Speech Therapy via Teletherapy
We all use our computers, iPad and phones to connect with one another socially, complete a variety of tasks in our daily lives, and even work remotely. Technology offers an infinite number of possibilities, all at our fingertips. Through teletherapy, access to speech and language therapy sessions is one of these possibilities. Teletherapy or telepractice is the delivery of speech-language services via technology which offers audio and visual communication. These sessions have the potential to target a variety of speech and language goals.Teletherapy can be used for assessment and observation, intervention in the form of therapy sessions, and consultation. Articulation of speech sounds, a variety of language, literacy, parent training and social goals can be supported through teletherapy sessions.
This therapy model allows access to services from a distance, and minimizes time and location constraints.This is a great way to continue therapy sessions when extenuating circumstances prevent you from having an in-person session with a Speech-Language Pathologist, or when your community or school does not have an SLP nearby.Teletherapy can be implemented in schools, medical/health centres and hospitals, clinics, home environments, etc. There are no limits on where it may be practiced, as long as the delivery of services is in accordance with regulations and policies mandated by the regulating body of the profession. Teletherapy sessions MUST maintain a level of quality which is equal to that of in-person therapy.
In addition to versatile delivery of services, teletherapy also allows the therapist to access a variety of materials and resources with the click of a button, meaning there is an endless amount of fun and engaging activities that may be included in a session! If a session needs to be modified as it unfolds, the therapist has easy access to new resources and can continuously tailor the session to each individual child. Since children currently tend to have a lot of access to technology and screen time, this therapy model is particularly motivating for them. The activities are versatile and fun as well, which also increases the motivation for children to engage with the clinician and the material, despite physical distance between client and clinician.
There are many platforms which may be used for teletherapy. Videoconferencing is the most common type of platform used for teletherapy, which allows an interactive component between client and clinician through real-time audio and video. Many teletherapy platforms or websites afford for synchronous communication – or the replication of an in-person therapy session – and adhere to necessary professional regulations and ethical standards. Teletherapy platforms can also be used to facilitate communication between an interdisciplinary team. For instance, Speech-Language Pathologists can hold meetings with parents and other team members such as teachers to collaborate on important matters such as IEPs and goal progression. Sessions can also be recorded and re-played, meaning that if your child is receiving teletherapy sessions while you are not present, you can still be involved by watching the session and implementing any relevant therapy techniques at home.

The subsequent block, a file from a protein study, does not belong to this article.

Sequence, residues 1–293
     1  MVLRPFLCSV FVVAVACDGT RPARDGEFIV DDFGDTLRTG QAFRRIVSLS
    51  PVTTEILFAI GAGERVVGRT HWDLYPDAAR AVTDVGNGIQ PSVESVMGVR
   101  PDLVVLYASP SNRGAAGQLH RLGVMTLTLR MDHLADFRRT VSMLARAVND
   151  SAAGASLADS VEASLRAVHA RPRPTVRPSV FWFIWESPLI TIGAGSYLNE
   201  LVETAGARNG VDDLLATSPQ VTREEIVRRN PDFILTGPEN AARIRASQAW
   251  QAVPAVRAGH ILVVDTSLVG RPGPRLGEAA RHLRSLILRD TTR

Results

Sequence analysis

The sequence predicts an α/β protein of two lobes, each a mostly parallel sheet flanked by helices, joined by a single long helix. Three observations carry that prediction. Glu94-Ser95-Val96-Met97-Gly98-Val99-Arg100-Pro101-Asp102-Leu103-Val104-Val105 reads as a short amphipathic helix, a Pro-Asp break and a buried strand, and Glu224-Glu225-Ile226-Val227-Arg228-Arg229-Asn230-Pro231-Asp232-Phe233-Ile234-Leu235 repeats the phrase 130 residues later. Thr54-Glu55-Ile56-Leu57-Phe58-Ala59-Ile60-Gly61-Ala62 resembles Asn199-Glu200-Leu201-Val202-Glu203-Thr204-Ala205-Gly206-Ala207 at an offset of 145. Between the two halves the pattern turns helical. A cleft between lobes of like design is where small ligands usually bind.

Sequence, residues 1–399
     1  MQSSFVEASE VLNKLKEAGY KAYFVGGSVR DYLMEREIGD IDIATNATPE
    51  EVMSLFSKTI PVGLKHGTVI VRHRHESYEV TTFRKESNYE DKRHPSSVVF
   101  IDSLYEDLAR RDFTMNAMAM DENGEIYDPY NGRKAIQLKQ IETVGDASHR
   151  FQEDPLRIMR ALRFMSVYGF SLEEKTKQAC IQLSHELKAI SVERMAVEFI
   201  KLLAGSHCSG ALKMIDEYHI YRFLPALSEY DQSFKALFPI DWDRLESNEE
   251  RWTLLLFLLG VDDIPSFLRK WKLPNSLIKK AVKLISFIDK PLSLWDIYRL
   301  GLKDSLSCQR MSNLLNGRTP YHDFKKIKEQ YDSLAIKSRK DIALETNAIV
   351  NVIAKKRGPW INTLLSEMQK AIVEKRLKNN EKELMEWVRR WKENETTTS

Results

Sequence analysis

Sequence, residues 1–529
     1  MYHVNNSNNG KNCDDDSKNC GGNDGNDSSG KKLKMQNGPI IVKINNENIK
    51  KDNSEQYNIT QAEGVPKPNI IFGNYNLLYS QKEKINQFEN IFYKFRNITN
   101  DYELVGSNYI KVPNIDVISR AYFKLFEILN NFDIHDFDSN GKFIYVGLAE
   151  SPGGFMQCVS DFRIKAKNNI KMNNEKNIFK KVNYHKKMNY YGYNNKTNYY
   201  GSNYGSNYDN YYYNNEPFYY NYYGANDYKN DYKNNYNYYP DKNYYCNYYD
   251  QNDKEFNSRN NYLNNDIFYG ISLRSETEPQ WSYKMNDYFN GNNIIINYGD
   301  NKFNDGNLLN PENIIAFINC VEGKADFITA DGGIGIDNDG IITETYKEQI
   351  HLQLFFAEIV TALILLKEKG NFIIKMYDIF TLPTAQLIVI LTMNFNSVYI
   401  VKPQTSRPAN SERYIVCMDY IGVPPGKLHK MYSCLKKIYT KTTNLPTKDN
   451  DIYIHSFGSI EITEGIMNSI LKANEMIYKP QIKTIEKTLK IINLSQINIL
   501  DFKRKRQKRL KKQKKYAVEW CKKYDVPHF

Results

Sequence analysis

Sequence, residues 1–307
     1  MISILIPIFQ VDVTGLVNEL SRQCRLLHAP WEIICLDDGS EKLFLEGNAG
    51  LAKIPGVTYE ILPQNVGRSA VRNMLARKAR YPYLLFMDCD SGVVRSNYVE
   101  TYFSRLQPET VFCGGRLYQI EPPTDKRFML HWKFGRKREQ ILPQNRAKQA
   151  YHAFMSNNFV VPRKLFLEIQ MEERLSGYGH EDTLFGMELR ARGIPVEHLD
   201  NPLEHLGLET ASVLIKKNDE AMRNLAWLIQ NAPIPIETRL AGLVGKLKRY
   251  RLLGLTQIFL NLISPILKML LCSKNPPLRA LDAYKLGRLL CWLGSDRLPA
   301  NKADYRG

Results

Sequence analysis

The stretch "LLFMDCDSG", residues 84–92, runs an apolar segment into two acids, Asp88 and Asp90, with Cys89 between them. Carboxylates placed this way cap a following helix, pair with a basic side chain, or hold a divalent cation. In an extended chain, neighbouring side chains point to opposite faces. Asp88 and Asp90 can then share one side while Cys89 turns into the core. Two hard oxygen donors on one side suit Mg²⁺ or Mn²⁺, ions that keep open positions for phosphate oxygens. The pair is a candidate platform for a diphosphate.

Parent-involvement in teletherapy is not only encouraged, but is critical! Many children can thrive using teletherapy as long as the appropriate supports are in place. When considering who may be a good candidate for teletherapy sessions, it is up to the Speech-Language Pathologist to use their clinical judgment. Clients using teletherapy must have the ability to attend to a computer screen and process what they are viewing throughout the session. Therapy sessions for younger children receiving play-based therapy can continue and can be tailored to child’s individual needs with necessary support from a parent/guardian. For some clients, a support person (i.e. parent or guardian) may only need to log their child into the platform, ensure the child is in the most favourable learning conditions, and remain present for the session. For other clients, a support person may need to take an active role in assisting the SLP with the session, whether that be helping to implement reinforcement throughout the session to help with the client’s morale, facilitating the completion the activities, or even assisting the client based on any impairments they may have. Having a support person take part in therapy is an essential part of making teletherapy a successful therapy model.
American Speech-Language-Hearing Association. (n.d.). Telepractice. Retrieved from https://www.asha.org/Practice-Portal/Professional-Issues/Telepractice https://www.asha.org/Practice-Portal/Professional-Issues/Telepractice/
California Speech Language Hearing Association. (2020, March 23). Teletherapy Bootcamp Web Conference. Retrieved from https://learn.speechtherapypd.com/teletherapy-bootcamp-ty/
Wales, D., Skinner, L., & Hayman, M. (2017). The Efficacy of Telehealth-Delivered Speech and Language Intervention for Primary School-Age Children: A Systematic Review. International Journal of Telerehabilitation, 9(1), 55–70. doi: 10.5195/ijt.2017.6219